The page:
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Why Do Kids Love GARFIELD Comics?

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Jeffrey Davies

Contributor

Jeffrey Davies is a professional introvert and writer with imposter syndrome whose work spans the worlds of pop culture, books, music, feminism, and mental health. In addition to Book Riot, his writing has appeared on HuffPost, Collider, PopMatters, Spectrum Culture, and other places. Find him on his website and follow him on Twitter @teeveejeff and Instagram @jeffreyreads. He is also the co-host of a Gilmore Girls podcast, Coffee With a Shot of Cynicism.

I grew up in an era where collections of comic strips and graphic novels were marketed toward kids as a way of “getting them into reading.” For children who didn’t naturally gravitate toward books and reading (I can’t speak for them since I certainly wasn’t one), middle grade graphic novels and books of comic strips were almost a way to trick them into liking reading since there were lots of impressive illustrations accompanied by an often genuinely compelling and quick to read story. It’s why, to this day, I’ll recommend YA and adult graphic novels to people looking to hit a reading goal.

But there’s one particular comic strip that has endured in popularity across multiple generations now, whose fame among children has been the subject of controversy among parents. You might know him: he’s orange, round, and lazy. He hates Mondays despite having quite literally no responsibilities in life beyond his commitment to loving lasagna. He’s a cat named Garfield, who lives with his owner, Jon, and their dog, Odie.

Garfield was created by cartoonist Jim Davis and began its syndicated run in newspapers in 1978. For roughly the last two decades, it has been the most widely syndicated comic strip in the world. Garfield and his friends have been the subject of television specials, computer-animated theatrical releases (there’s a new one due out in 2024), video games, an off-Broadway musical, and even a restaurant in Dubai. Pretty impressive for a comic strip that’s essentially about nothing and promotes the kind of manners most parents discourage.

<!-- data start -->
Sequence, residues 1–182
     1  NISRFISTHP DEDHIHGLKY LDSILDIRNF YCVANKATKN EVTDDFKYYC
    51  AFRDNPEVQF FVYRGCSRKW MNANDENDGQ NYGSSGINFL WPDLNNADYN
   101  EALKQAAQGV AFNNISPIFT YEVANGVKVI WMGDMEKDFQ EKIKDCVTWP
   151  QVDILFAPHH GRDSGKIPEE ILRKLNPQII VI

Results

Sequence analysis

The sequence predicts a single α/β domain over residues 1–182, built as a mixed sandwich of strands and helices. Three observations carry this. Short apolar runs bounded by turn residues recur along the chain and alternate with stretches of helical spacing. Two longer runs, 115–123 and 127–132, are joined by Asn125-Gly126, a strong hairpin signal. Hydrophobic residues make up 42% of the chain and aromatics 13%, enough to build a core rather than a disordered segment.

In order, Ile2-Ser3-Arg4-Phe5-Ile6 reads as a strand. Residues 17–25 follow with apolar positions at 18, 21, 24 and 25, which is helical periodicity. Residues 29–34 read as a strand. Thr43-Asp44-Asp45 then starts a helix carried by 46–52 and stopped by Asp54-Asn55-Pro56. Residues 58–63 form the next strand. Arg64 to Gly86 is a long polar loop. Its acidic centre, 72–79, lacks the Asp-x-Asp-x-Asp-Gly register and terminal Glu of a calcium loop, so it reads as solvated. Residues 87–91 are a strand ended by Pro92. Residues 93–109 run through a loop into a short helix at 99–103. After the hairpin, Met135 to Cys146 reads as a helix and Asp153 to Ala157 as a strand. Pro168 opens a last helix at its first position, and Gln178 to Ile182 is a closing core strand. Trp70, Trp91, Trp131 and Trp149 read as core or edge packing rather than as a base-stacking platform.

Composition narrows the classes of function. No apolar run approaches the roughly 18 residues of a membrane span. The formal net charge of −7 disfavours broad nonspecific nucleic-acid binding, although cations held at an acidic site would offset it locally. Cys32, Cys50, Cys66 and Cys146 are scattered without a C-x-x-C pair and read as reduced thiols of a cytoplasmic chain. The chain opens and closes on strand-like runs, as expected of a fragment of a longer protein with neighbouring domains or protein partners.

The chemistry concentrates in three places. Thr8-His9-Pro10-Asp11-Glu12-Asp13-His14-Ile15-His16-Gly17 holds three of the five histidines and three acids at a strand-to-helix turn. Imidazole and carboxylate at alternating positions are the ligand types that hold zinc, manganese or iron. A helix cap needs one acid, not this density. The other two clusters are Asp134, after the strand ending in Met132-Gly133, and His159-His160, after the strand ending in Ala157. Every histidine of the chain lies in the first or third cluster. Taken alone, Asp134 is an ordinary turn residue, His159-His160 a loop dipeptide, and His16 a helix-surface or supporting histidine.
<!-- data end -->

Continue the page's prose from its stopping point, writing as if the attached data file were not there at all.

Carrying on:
I first got into Garfield after catching a rerun of a Halloween primetime special, in which the titular character’s inner dialogue is so flawlessly voiced by Lorenzo Music. The popularity of these specials, in turn, inspired a Saturday morning cartoon show starring Music, Garfield and Friends, which ran from 1988 to 1994. I’d known about Garfield comics after finding the occasional comic strip in the funny pages that my grandmother would save for me from her Saturday newspaper. Garfield, Jon, and Odie weren’t always included in our paper, so it was a treat when they were.

I’d never really responded to the messaging I’d had in elementary school that tried to get kids, namely boys, into reading by encouraging them to read comic books. I was too busy plowing through classic titles that my mom ordered for me from Scholastic to care about comic books. I didn’t care for superheroes, which was what I thought most comic books were. But I was also one to try to fit in by any means necessary, and if that meant reading comic books like the other boys, then that was what I was going to do.

I bought some old, black-and-white Garfield collections from a local used bookshop for a dollar each one day while riding my bike back home from the barbershop. I loved the Garfield comic strips that I occasionally got to read in the newspaper, so I was delighted to learn they existed in book format. Also, I was reading a comic book, so that made me one step closer to being a “real boy” like Pinocchio!